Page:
Conceptualizing cooperatives as a challenge to capitalist thinking

As capitalism lurches from crisis to crisis, and a world beyond capitalism becomes a possibility contemplated by increasing numbers of people, finding a path forward becomes an ever more urgent task.

That path is likely to contain a multitude of possibilities and experiments, not all of which will prove viable. Psychological barriers will surely be a major inhibition to overcome; possibly the biggest roadblock given the still ubiquitous idea of “there is no alternative” that has survived despite growing despair at the mounting inequality and precarious futures offered by capitalism. In short, a viable alternative to the capitalist structure of enterprises and society is urgently necessary.

cooperatives-confront-capitalismCooperatives represent a “counter-narrative” to the idea, inculcated in us from our youngest ages, that a small group of bosses are naturally entitled to exert leadership and thus are the only people with the capabilities of running an enterprise, argues Peter Ranis in his latest book, Cooperatives Confront Capitalism: Challenging the Neoliberal Economy.* Putting to use his considerable knowledge of Argentine and Cuban cooperatives, and combining that with a challenging argument about the possibilities of worker cooperatives in the center of world capitalism, the United States, Professor Ranis argues that the cooperative form can indeed posit a challenge to capitalist hegemony.

In his opening chapter, in answering his own question “Why worker cooperatives?,” in the context of working people building a Gramscian “counter-hegemony,” he writes:

“This requires a working class movement that moves beyond wages, hours and working conditions and into the realm of owning and maintaining production that leads to controlling local economies that demonstrate working-class capacity for impacting on societal economies and, by extension, politics and the concomitant public policy. Cooperatives would, indeed, be the key ingredient to a proletarian hegemonic outcome. … What worker cooperatives provide is a counter-narrative to the one that assumes that only owners and managers can provide leadership and function effectively in the world of production.” [pages 15-16]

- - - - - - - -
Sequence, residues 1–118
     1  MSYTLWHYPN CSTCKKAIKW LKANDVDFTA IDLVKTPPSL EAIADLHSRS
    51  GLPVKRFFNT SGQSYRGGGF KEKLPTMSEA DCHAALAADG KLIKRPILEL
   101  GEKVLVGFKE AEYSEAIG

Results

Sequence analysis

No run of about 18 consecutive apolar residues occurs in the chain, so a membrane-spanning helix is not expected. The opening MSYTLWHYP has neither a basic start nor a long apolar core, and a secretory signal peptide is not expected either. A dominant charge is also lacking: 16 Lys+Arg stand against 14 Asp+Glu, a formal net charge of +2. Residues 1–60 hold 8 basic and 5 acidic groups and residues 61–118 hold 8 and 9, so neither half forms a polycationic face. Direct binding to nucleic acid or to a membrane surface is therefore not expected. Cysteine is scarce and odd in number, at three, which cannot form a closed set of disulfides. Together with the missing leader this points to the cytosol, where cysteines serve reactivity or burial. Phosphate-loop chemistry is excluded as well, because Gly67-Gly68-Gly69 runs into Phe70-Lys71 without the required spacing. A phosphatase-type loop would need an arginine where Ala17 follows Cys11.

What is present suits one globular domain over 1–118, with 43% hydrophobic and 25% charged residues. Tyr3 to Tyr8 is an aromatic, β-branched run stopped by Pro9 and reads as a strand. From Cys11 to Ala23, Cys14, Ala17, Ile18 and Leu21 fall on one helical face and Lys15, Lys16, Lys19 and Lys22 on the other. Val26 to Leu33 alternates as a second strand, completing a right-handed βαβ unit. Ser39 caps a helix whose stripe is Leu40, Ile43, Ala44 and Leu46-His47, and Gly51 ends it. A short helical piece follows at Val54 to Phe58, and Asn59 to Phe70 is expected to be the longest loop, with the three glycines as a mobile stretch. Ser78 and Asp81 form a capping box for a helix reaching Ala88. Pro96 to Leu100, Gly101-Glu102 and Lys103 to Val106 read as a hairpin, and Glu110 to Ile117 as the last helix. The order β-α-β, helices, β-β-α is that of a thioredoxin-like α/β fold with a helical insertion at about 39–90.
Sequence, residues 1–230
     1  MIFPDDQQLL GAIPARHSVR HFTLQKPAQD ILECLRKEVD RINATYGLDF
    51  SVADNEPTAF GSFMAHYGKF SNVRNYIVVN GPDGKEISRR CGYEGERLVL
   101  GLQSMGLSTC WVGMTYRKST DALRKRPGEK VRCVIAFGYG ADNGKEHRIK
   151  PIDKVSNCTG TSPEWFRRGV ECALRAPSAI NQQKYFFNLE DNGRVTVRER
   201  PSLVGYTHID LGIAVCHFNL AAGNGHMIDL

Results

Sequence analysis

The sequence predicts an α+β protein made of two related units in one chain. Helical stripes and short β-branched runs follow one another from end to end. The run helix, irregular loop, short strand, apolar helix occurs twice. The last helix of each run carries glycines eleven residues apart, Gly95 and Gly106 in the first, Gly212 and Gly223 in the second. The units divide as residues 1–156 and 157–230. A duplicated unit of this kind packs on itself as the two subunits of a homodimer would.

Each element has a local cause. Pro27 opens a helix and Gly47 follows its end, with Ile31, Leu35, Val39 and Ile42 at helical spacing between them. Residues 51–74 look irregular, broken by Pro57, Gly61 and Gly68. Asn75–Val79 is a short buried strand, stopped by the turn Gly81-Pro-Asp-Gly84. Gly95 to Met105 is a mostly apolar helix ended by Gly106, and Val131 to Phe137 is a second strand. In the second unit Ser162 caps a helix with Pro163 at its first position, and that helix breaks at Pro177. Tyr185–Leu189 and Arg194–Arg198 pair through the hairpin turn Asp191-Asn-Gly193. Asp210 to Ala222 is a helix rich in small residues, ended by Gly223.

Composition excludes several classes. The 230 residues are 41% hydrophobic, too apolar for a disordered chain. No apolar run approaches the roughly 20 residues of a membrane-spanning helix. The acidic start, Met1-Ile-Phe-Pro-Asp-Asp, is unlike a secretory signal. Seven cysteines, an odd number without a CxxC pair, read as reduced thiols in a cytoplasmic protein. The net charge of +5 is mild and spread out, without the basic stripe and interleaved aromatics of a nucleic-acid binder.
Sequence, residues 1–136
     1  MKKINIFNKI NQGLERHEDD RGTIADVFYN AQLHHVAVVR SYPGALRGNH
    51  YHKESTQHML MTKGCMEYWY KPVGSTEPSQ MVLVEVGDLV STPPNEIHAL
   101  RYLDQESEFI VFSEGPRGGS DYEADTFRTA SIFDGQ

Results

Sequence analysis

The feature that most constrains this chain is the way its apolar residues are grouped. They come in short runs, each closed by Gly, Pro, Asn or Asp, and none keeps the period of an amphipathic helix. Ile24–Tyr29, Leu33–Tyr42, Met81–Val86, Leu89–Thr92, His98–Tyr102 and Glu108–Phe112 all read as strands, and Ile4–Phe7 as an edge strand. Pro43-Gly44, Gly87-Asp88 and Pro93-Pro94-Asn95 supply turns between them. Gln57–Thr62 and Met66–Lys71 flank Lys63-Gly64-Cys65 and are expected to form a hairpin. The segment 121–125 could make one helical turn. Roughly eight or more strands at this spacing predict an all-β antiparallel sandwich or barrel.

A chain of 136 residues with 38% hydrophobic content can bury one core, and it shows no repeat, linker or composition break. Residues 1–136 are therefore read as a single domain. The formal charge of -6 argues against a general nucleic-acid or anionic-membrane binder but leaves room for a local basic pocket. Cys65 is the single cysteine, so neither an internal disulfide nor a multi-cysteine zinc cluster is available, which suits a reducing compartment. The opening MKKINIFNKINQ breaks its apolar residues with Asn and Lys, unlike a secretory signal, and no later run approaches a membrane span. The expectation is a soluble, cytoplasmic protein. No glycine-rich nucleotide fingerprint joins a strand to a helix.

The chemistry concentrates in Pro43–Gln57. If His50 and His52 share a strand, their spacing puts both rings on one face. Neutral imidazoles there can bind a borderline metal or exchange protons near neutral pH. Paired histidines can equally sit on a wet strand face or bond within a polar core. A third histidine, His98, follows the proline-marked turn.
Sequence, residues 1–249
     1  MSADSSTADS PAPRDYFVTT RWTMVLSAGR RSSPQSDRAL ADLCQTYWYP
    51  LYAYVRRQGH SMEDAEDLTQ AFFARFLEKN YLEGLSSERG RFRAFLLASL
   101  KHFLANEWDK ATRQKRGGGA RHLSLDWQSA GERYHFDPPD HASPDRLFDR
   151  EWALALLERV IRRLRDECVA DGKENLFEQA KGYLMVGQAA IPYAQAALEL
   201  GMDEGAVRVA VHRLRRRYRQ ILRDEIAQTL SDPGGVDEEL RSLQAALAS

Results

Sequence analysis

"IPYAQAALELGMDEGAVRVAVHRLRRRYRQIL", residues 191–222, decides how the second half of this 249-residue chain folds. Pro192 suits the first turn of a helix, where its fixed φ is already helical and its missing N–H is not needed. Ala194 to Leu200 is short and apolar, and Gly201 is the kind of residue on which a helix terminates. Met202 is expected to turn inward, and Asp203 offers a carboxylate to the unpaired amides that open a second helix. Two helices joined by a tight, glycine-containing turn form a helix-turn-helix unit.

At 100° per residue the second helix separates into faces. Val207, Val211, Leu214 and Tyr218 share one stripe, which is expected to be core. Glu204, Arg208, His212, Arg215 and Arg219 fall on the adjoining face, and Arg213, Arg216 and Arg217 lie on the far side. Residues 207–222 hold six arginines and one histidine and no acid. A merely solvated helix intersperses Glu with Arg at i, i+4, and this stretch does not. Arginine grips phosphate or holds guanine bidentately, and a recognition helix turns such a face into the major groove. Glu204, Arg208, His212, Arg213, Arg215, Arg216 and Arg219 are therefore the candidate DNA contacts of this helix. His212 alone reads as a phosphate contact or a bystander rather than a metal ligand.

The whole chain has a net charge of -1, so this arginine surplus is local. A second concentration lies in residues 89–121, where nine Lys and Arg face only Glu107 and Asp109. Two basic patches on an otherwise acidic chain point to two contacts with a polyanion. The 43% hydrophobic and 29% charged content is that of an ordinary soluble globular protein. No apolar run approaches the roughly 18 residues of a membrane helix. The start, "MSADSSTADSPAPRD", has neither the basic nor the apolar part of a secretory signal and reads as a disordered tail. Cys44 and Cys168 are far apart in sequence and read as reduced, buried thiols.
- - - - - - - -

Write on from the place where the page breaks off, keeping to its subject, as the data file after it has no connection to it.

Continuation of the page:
It is indisputably true that counterposing living examples of working people’s successful self-management is a prerequisite to breaking down current capitalist cultural hegemony. But, in contrast to more traditional ideas that state ownership should be the alternative, Professor Ranis argues that it is the cooperative form, because workers there assume all management functions, that can build an alternative. His argument, however, is not pollyannaish by any means — cooperatives face serious challenges at the hands of capitalist governments not to mention the direct hostility of capitalists themselves.

No easy path for Argentine cooperatives

For all the success of Argentina’s cooperatives in providing a better standard of living and vastly superior working conditions to their members, the road has been a hard one — and those cooperatives still constitute a minuscule portion of the Argentine economy. Moreover, not all those in Argentina who formed cooperatives necessarily wished to do so — converting the recovered factories into state-owned enterprises with worker control was often the original goal and in some cases that is still the hoped-for outcome. (Although at the moment, given the harsh neoliberal policies of the new government of Mauricio Macri, that is off the table for now.)